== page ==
Quick Tip – Leave Passwords in the Database Where They Belong!
Today’s security quick tip is brought to you by some API penetration tests I’ve completed over the past few weeks. One of the things I’ve noticed more and more as organizations are developing and implementing APIs as part of their overall application infrastructure is the presence of “greedy” or overly verbose JSON objects in HTTP responses. With this problem comes an abundance of sensitive data, such as password hashes, returned from the database to the client. Even if the data in the returned object isn’t used in the user interface, any client with an intercepting proxy can view the contents of those responses. Instead of returning unnecessary data, leave passwords and other sensitive information in the database where they belong.
Why is This a Problem?
While it should be pretty obvious in this case, I always like to start out addressing the real issue in a vulnerability/exploit. When unnecessary information is returned in responses from your web application or API, an attacker can use that unnecessary information to launch other attacks, gather sensitive information about other clients/users, or fingerprint the underlying application infrastructure. One of the worst case scenarios here is when responses contain passwords (hopefully hashed). Any user able to execute this request and view the response could take those passwords offline, attempt to crack them, and then use them to gain unauthorized access to other user accounts, moving laterally or potentially escalating their privileges.
Even administrative accounts shouldn’t be able to see sensitive information like password hashes in HTTP responses, as it could allow them to recover other user credentials. These credentials could be shared with other systems or a malicious insider could use the credentials to imitate another user. Another example of potentially unnecessary information returned would be usernames for other users, when authenticated as a low-privileged account. This could give an attacker targets for privilege escalation attempts.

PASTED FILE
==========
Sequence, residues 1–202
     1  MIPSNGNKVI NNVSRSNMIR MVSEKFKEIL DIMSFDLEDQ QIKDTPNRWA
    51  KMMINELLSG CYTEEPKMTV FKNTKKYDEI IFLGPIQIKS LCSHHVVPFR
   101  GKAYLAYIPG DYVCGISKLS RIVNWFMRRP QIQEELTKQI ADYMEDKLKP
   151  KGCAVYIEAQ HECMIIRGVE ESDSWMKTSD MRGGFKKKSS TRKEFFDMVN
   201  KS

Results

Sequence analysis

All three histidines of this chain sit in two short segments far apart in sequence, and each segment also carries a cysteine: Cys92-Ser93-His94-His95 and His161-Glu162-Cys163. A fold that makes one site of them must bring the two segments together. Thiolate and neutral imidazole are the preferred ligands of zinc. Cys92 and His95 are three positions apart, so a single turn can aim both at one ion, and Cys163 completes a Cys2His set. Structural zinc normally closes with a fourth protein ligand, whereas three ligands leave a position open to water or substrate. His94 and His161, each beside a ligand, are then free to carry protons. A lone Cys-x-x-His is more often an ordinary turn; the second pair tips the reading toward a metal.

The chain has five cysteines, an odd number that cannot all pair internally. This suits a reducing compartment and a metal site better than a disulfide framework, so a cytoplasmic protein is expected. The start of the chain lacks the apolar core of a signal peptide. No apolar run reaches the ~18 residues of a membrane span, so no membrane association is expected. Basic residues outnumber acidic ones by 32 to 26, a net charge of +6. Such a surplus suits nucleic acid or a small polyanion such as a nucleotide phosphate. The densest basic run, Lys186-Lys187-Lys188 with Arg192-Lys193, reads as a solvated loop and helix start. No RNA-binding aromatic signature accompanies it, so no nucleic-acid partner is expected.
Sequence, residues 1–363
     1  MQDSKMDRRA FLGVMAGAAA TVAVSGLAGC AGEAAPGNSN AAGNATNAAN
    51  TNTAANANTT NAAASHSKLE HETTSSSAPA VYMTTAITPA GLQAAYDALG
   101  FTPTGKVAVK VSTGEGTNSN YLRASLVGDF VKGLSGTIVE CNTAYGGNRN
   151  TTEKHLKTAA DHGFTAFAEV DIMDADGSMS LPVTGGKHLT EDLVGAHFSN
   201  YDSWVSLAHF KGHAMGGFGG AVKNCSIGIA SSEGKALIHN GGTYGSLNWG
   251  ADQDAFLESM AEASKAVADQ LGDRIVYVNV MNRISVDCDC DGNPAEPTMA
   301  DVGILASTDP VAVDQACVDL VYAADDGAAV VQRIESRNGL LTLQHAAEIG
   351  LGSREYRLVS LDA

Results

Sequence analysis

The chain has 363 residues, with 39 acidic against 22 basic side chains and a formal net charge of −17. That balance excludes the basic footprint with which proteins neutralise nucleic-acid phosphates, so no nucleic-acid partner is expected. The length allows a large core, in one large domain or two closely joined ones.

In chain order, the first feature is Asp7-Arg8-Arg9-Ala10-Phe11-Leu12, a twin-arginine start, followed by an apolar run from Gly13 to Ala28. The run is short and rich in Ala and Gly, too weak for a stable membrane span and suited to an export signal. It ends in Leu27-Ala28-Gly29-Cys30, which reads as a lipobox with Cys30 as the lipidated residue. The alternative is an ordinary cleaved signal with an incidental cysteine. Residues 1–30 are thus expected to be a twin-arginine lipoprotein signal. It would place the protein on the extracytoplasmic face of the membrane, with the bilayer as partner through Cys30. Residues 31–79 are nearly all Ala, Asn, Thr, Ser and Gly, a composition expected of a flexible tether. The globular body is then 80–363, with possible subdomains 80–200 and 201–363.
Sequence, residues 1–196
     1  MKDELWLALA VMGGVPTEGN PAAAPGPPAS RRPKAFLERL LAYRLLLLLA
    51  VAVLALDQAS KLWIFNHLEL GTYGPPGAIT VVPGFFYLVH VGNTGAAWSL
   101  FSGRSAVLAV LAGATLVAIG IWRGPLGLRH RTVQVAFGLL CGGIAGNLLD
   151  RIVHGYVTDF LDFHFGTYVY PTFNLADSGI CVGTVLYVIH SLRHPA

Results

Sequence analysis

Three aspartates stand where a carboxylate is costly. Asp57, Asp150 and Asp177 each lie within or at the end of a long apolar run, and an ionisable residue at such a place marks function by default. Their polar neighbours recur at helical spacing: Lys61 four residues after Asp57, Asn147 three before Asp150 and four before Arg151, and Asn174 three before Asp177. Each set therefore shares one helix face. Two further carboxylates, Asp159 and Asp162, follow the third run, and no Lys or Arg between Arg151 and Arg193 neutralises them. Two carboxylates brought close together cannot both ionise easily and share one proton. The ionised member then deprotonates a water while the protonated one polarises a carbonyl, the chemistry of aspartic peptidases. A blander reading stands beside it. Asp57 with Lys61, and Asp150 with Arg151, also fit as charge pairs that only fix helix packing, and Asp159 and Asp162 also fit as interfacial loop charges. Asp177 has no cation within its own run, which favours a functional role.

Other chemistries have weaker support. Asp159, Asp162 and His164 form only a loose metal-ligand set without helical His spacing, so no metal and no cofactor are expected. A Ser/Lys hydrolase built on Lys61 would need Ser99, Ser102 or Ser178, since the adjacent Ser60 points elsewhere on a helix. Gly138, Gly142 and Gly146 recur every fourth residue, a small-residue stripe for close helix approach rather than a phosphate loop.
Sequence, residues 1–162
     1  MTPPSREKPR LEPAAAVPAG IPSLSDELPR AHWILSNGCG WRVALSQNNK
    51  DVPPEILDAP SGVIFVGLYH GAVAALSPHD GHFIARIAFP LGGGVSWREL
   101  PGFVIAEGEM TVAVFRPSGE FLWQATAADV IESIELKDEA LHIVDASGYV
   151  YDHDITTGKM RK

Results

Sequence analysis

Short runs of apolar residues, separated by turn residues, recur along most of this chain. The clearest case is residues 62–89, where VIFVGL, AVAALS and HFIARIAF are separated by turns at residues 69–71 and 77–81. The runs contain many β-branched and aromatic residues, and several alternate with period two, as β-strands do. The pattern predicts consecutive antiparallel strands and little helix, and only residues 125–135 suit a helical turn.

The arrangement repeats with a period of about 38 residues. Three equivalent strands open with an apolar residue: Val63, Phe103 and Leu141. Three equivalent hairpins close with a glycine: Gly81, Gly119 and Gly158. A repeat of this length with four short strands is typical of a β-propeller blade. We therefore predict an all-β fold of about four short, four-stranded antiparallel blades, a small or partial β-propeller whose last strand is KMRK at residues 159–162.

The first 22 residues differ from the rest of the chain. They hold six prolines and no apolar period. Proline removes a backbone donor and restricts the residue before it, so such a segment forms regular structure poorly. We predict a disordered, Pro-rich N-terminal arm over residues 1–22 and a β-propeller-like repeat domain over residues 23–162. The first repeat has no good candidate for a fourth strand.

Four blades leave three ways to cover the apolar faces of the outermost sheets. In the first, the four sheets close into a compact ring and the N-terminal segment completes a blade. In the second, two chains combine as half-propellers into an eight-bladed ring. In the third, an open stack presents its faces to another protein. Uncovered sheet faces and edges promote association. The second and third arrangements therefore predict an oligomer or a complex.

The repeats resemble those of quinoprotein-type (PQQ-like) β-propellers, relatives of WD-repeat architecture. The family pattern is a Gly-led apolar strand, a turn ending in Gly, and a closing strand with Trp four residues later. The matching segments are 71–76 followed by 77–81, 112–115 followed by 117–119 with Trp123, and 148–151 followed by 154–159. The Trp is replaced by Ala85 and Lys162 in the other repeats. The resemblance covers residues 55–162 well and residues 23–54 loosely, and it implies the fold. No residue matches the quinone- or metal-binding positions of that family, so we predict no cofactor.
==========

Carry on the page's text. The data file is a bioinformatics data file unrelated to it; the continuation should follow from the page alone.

How Should You Fix It?
Don’t return sensitive information. Alright, we’re done here. Probably more useful than the obvious here though is to implement some secure coding training and peer reviews that keep an eye out for this kind of thing. All responses should include specific data fields that are required by the front-end, rather than “select *” approaches. Fields like passwords should never be returned as part of a response. Also, mitigating controls are useful here, like double-checking the hashing algorithm you are using for storing passwords to make sure it is strong, has a high work factor to increase resistance to password attacks (e.g. bcrypt), and leverages salting.
The moral of the story here is to pay attention to what kinds of things you are sending from server to client as part of your application and API architecture. The principle of least privilege should certainly apply here and things like passwords should be left in the database where they belong!